With the recent takeover of Netscape by the web browser giant America Online, Scott Collins and Tara Hernandez, two of the original pioneers of Netscape, vented their frustration and disgust in a two-hour lecture at Temple University Monday.
“I cannot speak for anyone from Mozilla (a open-source web browser under the command of Netscape), but I can tell you that AOL sucks,” Collins said.
Netscape was first established in 1994 and quickly became the popular choice among 80 percent of all Internet users. Netscape then established Mozilla. In 1995, Microsoft Windows exploded onto the computer scene along with its own free browser Internet Explorer, a faster and cheaper browser than Netscape.
The emergence of the more efficient Internet Explorer, led to the decline in the popularity and stock of Netscape. It became an expendable commodity.
In 1998 AOL decided to purchase Netscape, and it proved beneficial because it officially gave AOL the title as an elite web browser. Once AOL bought Netscape, it immediately scrapped Mozilla.
Collins said when AOL wanted to buy Netscape and scrap Mozilla, they did not want to purchase them because “they liked their culture” or because “they wanted to base their product on our ideas.”
Collins said at the time, Netscape and Mozilla were suing Microsoft. AOL wanted to get the money from Netscape and Mozilla.
“They then used us a bargaining chip with Microsoft because Microsoft was the core of their browser,” Collins said.
He said AOL gets whatever they deserve because what they did to Netscape and Mozilla is what Microsoft will eventually do to them.
Collins and Hernandez also discussed the pros and cons of not only the computer industry but the real world itself.
Collins told students, “you will find out that real life is completely different from things you thought you were learning from lessons.”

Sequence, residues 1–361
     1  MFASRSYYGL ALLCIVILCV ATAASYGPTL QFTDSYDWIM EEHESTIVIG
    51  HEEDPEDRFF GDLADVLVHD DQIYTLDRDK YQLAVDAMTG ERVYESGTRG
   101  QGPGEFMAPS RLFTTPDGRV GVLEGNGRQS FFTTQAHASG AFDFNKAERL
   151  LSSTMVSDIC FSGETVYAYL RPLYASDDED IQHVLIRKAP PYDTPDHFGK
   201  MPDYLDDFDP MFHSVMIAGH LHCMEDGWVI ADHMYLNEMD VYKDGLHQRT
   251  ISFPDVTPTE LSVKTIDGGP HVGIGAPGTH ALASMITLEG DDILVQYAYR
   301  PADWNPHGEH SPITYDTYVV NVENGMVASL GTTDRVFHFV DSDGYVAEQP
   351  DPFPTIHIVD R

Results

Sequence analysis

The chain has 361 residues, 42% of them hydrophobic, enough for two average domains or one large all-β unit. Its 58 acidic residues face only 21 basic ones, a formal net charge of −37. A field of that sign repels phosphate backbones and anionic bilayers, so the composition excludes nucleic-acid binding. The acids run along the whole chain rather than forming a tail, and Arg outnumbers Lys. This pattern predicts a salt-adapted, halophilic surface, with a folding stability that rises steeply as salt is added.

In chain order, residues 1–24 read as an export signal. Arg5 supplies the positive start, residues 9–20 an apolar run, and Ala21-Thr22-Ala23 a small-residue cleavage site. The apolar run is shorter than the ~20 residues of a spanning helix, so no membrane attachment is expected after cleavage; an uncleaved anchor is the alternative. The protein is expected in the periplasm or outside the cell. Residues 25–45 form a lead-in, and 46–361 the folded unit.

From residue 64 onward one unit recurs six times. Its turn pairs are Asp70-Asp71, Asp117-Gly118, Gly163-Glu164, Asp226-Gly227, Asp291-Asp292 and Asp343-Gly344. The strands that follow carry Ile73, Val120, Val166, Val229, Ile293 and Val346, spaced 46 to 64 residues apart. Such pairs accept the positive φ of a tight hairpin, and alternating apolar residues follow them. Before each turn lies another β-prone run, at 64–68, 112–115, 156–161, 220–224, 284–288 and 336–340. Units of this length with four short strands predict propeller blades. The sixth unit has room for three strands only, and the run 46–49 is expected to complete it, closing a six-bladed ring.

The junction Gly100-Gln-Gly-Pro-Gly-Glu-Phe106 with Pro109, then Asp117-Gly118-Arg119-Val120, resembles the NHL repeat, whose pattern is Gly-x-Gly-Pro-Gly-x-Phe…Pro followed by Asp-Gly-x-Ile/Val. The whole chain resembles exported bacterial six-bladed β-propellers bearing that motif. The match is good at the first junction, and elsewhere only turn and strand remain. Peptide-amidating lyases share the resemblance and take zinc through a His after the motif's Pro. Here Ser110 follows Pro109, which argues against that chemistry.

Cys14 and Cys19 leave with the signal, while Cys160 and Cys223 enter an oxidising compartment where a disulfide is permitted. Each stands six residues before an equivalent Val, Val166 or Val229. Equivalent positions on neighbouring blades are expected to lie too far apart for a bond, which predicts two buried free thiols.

Collins is the chief scientist and owner of the computer software company Ann Arbor Digital Arts. He has been involved in the computer software field for more than 25 years. He has also worked for various software giants including Apple and Netscape. He played a key role in the establishment of Netscape’s Mozilla, which he is still involved with today.
Hernandez also played an internal role in the establishment of Netscape and the development of Mozilla. She has been involved with computer software for the past 15 years. She has worked for past computer software giants, which are non-existent now, such as Blue Martini and Boreland International.
Currently, Hernandez works at Pixtar Animation studios where she develops internal infrastructure of animated scenes.
Hernandez discussed some of the negative aspects of Silicon Valley that individuals may encounter along their careers. In her opinion, a glaring negative to the computer science industry is that job security is a scarce luxury that almost no one is afforded.
Hernandez also discussed the positive aspects of the computer world. One in particular dealt with the absence of discrimination toward one’s race or gender.
“One-third of the employees at Netscape were women,” she said. “The new software industry is gender and color blind and it is all about what you can produce.”
“It is not just for the true blue white nerd anymore,” Hernandez said. “This is the new world of software, and this is where it will continue to go.”
Jonathan Vann can be reached at Jvann@temple.edu.